Cocktail offers taste of luxury.

Cocktail offers taste of luxury.

If the $26 mai tai at Koreatown restaurant Here’s Looking at You gives you sticker shock, blame the bartender.

When Allan Katz was crafting cocktail recipes for the eatery’s opening in July, he discovered a rare rum similar to the Jamaican spirit poured into the first mai tai concoctions in the 1940s.

“This is far and away the closest we’ve ever come to the original,” he said. “It’s a huge deal.”

Authenticity comes at a price. The Revelation Rum from Maxwelton, W.V., distributor Smooth Ambler – aged for years in oak barrels in Jamaica – costs nearly $60 a bottle wholesale and yields only a dozen servings. It’s not the only ingredient: Katz also makes his own orgeat syrup (made of apricot kernels and almonds that have been cooked in sugar, bourbon, and an allspice-flavored liqueur) and Curacao liqueur (made from brown-sugar simple syrup and Grand Marnier).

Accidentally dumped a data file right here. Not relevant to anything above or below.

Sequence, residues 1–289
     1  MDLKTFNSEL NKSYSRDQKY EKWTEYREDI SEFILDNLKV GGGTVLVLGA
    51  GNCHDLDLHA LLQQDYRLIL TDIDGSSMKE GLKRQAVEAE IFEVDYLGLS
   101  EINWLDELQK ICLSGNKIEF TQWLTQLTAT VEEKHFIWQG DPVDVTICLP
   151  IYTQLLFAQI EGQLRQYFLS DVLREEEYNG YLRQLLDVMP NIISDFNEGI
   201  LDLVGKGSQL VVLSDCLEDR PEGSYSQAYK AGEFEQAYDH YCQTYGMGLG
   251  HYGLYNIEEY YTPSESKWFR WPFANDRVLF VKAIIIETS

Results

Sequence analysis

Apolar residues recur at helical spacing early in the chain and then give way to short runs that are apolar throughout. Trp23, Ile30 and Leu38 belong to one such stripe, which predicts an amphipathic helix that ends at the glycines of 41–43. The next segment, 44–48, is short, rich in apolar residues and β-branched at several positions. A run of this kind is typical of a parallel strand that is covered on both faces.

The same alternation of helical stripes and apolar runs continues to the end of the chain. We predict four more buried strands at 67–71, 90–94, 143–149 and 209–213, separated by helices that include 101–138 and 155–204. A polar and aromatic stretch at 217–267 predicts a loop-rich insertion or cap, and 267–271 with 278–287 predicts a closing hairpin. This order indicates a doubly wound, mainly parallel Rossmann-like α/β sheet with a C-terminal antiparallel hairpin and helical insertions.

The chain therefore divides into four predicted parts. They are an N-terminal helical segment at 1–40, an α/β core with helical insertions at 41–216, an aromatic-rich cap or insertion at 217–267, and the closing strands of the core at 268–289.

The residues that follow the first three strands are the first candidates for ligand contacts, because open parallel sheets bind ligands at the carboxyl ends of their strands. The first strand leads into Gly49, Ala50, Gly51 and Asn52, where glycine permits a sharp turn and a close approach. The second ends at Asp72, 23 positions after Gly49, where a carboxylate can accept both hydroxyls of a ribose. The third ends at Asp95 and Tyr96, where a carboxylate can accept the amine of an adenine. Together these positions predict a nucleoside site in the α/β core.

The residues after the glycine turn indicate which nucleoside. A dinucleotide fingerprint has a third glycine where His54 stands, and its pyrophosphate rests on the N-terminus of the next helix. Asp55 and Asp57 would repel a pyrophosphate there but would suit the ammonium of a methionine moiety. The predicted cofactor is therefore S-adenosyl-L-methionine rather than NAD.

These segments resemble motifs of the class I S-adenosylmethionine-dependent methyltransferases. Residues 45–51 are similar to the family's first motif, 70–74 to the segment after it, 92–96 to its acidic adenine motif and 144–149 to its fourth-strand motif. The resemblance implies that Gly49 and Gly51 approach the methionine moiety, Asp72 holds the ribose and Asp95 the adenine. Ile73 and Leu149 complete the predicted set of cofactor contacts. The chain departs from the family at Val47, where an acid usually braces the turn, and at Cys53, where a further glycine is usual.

“The cost of making this drink is triple the cost of your average classic cocktail at this bar,” he said.

You need only pay $14 or $15 for drinks like the Strawberry Solstice martini or the College Radio, a cocktail of bourbon, orgeat, and citrus flavorings. Smooth Ambler won’t reveal to Katz just how much Revelation Rum is left, and Katz suspects the supply is dwindling fast – especially as rival bartenders catch on.

“We’re urging folks to have a taste of history before it’s gone again,” he said.

The appeal seems to be working, said Lien Ta, the restaurant’s co-owner with chef Jonathan Whitener.

“We’re just going to sell it for as long as we can,” Ta said.

– Daina Beth Solomon

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